Thatcher Demko, who the Vancouver Canucks selected with the 36th overall pick in the 2014 NHL Entry Draft, is the highest ranked goalie in the Canucks Army Pre-Season Prospect Profiles series.
After making the leap from the NCAA to the AHL last season, the young netminder suffered his share of hiccups, but that shouldn’t take away from how good Demko is. He has the work ethic, athleticism, self-reflection and hockey IQ to reach his potential as a number one goalie in the NHL.
With goalies, you have to be patient, and Demko is the prime example of that.
Demko checks in as the fourth ranked prospect in our consensus rankings.
We’ve changed the qualifications up just a little bit this year. Being under the age of 25 is still mandatory (as of the coming September 15th), but instead of Calder Trophy rules, we’re just requiring players to have played less than 25 games in the NHL (essentially ignoring the Calder Trophy’s rule about playing more than six games in multiple seasons).
Graduates from this time last year include Brendan Gaunce, Troy Stecher, and Nikita Tryamkin, while Anton Rodin is simply too old now, and Jake Virtanen is not being considered solely as a result of his games played.
If you’re a regular in this space, you should know by now that I’ve been a fan of Demko’s for a few years now and have high hopes for the San Diego, California native. After a fantastic collegiate career, Demko headed to the AHL to take that next step. Although he had some struggles to start the year, there were long stretches where Demko was downright dominant for the Comets.
Those long stretches of great play coincided with Bachman being recalled to the Canucks due to injuries to Ryan Miller and Jacob Markstrom. Demko was given the net and ran with it. If he had an off night, he was put back in the net for the next game. Those forced reps allowed Demko to get into a rhythm, get comfortable, and show flashes of what he may become in years to come.
I do recall seeing some concern over his numbers in the first parts of the season, but those numbers were influenced by a variety of factors including a lack of reps. Demko also appeared to be a little behind the play and tracking, particularly on his glove hand. As the year progressed, though, those concerns evaporated.
There is ample reason for optimism with Demko’s last season. He stumbled out of the gate, certainly, but that was expected when making the leap to professional hockey. He worked hard and refined his playing style under the watchful eye of Roland Melanson and improved over the course of the season. I’ve said it before, but what sets Demko apart from the pack is a willingness always to get better and his meticulous attention to detail. I spoke with him at Young Stars last season, asking about some of his ‘book-keeping’ on specific players. He recited back a specific example from the World Juniors in 2015, which was 20 months before that.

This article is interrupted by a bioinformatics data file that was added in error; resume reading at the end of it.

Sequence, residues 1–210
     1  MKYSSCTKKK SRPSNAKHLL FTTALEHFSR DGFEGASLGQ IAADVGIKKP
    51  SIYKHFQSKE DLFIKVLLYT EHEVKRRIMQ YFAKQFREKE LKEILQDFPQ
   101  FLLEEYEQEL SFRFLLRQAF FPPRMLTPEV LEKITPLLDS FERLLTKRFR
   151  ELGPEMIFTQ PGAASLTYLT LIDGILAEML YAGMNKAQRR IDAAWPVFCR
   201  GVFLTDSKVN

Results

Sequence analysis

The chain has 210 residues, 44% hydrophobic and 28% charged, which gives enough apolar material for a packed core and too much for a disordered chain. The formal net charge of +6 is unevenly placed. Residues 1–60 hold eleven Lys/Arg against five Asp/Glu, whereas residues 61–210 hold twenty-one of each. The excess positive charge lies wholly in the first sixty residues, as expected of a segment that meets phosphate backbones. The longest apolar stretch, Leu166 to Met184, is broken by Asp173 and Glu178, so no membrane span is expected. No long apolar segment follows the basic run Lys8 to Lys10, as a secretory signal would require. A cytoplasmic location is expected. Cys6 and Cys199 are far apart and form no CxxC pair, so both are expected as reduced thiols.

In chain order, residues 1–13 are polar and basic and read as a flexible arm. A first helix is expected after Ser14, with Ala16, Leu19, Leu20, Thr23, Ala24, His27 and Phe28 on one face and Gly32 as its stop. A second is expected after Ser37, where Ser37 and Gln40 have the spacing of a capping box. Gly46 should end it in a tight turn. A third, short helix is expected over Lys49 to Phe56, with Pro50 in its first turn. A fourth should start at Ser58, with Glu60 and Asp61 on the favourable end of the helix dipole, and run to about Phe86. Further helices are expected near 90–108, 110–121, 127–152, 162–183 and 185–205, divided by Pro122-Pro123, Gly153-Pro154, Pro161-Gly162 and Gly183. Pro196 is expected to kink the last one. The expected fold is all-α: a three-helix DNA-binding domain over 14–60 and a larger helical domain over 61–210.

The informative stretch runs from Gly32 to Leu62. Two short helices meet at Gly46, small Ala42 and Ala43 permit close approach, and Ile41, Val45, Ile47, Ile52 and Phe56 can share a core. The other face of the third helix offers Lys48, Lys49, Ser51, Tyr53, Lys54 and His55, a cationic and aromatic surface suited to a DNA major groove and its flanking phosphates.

It’s clear that Demko needs to continue to play in the AHL, and play a lot. The expansion draft threw a wrench in the long term succession plan as the Canucks had to extend Bachman for another season to ensure they met the exposure requirements. This isn’t a bad thing, but it does complicate things as the Comets head coach Trent Cull will always have that veteran to take starts away from Demko.
Demko will need to improve his consistency to show that he can handle the elevated workload.
On the flip side, it gives Demko competition for the net, and that may motivate him. It’s a layered situation that will have to play over the course of the season, but looking at the long term needs of the organization, the Canucks would be best served to give Demko the upper hand in the matchup and force as many minutes as he can handle.
During the 2018-19 season, the Canucks will have Jacob Markstrom, and Anders Nilsson under contract with the Canucks and Bachmans’ deal will be done. It’s fair to assume that Demko will be the number one guy in Utica for the duration of that year. His entry level contract and his ability to be assigned to the AHL without waivers will both end at the conclusion of that 18-19 season.
Needless to say, that next year will be a fun one to watch in Utica next season, and Demko will be a huge part of that. The organization will get a big influx of young talent with higher ceilings. This will mean there will be some learning curves in the forward and defensive ranks.
All of this is just to reinforce that patience is needed with Demko. He made impressive strides over the course of the year and will look to build upon that this year. Ideally, he will get some NHL action this season (as injuries are inevitable) and get a read of where he needs to improve to take that next step.